CHOP Logo Human immunodeficiency virus type-1 (HIV-1) is known to cause AIDS, but the precise way it does this may not be known. In an attempt to enhance the knowledge on this mechanism, scientists from The Children’s Hospital of Philadelphia claim to have found the way an HIV protein helps the virus to become reactive after entering a dormant state by hiding in cells. Understanding the biological events that revive HIV from latency can supposedly open doors to better treatments for people diagnosed with HIV infection.

Viral latency probably is one of the persistent problems in treating HIV infection. Currently available combinations of anti-HIV drugs allegedly decrease HIV to undetectable levels, but the virus hides within latently infected cells in a sort of hibernation. Once the intake of medications is stopped or weakened by a different infection, HIV seemingly comes back becoming resistant to previously effective drugs. In this research, experts aimed to examine a protein, Vif (for viral infectivity factor), that is believed to be produced by HIV-1.

“If we can interrupt the activity of Brd4 or Cdk9, we may be able to prevent latent infection from becoming active,” said research leader Terri H. Finkel, MD, PhD, chief of Rheumatology at The Children’s Hospital of Philadelphia. “Alternatively, by harnessing Brd4 or Cdk9, we may be able to drive cells out of latency and make the virus susceptible to anti-HIV drugs.”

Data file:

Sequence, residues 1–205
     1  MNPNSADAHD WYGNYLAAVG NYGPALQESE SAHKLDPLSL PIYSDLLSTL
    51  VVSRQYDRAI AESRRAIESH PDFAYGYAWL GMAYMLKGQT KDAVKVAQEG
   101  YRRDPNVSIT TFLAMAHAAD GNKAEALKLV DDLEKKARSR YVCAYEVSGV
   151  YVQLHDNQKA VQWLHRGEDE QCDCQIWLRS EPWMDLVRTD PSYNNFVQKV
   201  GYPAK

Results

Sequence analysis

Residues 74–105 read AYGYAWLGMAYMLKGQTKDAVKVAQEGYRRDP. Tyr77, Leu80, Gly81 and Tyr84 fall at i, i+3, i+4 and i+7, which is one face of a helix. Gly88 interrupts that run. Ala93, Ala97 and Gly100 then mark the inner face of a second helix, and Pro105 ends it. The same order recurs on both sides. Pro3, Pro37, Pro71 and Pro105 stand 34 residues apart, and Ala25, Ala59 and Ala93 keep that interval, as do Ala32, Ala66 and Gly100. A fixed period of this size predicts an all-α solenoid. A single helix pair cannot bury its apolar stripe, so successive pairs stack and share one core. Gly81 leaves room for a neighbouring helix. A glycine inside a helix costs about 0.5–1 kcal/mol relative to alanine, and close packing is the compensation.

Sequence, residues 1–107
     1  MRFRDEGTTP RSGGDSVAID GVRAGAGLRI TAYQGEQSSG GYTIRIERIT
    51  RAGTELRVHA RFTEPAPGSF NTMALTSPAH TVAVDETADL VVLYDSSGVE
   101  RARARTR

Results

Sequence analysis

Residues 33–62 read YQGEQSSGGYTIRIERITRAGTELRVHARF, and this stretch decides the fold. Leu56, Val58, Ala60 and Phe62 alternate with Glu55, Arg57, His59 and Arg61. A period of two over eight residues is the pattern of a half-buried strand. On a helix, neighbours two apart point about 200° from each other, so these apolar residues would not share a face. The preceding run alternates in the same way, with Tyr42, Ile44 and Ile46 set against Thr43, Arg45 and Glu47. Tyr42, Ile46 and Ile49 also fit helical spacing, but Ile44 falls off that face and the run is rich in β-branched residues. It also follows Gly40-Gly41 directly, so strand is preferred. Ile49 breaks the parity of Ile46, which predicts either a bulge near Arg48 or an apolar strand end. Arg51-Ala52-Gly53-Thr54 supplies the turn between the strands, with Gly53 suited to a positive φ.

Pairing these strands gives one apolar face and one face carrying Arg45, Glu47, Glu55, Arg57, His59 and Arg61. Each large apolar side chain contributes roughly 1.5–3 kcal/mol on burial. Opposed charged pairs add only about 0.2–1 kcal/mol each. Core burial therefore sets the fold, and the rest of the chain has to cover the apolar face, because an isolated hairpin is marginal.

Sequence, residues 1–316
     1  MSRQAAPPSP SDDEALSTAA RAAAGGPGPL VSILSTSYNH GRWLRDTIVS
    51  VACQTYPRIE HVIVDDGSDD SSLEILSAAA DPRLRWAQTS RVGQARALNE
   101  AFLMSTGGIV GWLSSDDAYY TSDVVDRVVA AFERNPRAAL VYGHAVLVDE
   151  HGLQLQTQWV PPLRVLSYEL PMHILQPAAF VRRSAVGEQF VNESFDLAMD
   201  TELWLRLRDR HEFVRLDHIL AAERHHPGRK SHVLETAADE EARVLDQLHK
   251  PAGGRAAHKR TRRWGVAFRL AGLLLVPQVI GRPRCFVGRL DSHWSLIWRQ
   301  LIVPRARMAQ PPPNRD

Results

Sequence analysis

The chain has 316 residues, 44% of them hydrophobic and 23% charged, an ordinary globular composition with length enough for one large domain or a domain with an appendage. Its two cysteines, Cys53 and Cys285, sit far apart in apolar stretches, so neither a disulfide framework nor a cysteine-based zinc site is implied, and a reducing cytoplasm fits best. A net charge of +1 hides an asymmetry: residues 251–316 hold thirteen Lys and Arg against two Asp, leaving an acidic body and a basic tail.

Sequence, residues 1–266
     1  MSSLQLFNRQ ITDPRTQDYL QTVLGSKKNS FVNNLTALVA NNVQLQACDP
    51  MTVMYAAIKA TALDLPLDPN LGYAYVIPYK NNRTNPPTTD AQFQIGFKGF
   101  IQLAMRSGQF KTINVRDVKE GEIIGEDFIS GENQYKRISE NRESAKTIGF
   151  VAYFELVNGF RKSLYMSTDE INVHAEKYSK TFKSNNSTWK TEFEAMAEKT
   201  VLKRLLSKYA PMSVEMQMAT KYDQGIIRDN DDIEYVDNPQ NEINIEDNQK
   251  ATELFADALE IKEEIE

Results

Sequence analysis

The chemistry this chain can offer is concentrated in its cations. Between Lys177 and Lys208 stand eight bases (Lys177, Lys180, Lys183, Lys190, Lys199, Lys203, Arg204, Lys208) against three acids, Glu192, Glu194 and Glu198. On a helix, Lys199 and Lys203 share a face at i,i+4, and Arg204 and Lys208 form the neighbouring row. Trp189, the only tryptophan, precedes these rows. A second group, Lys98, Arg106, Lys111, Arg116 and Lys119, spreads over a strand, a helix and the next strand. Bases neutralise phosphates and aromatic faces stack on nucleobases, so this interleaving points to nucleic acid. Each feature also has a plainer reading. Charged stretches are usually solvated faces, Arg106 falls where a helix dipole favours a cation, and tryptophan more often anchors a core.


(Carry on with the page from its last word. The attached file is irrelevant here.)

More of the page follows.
This protein was initially assumed to halt the growth at one phase of the cell cycle, also known as the G2 phase. However, now it was pointed out that Vif may also act in an earlier stage of cell cycle, driving cells out of the G1 phase and into the more active S phase. This activity appears vital as G1 is a resting phase, and a biological interaction that ‘wakes up’ a latent infected cell and reactivates the infection.

The other viruses that also seem to have a latent infectious state include the herpes virus and the Epstein-Barr virus that drive a transition from G1 to S phase. The research was conducted on HeLa cells that are found in the blood. Two proteins, Brd4 and Cdk9 were supposedly interacting with Vif and can therefore serve as a potential target for therapy. Further investigations are being initiated to lay hands on clinical treatments for HIV.

The research was published in the January 27 issue of the journal Blood.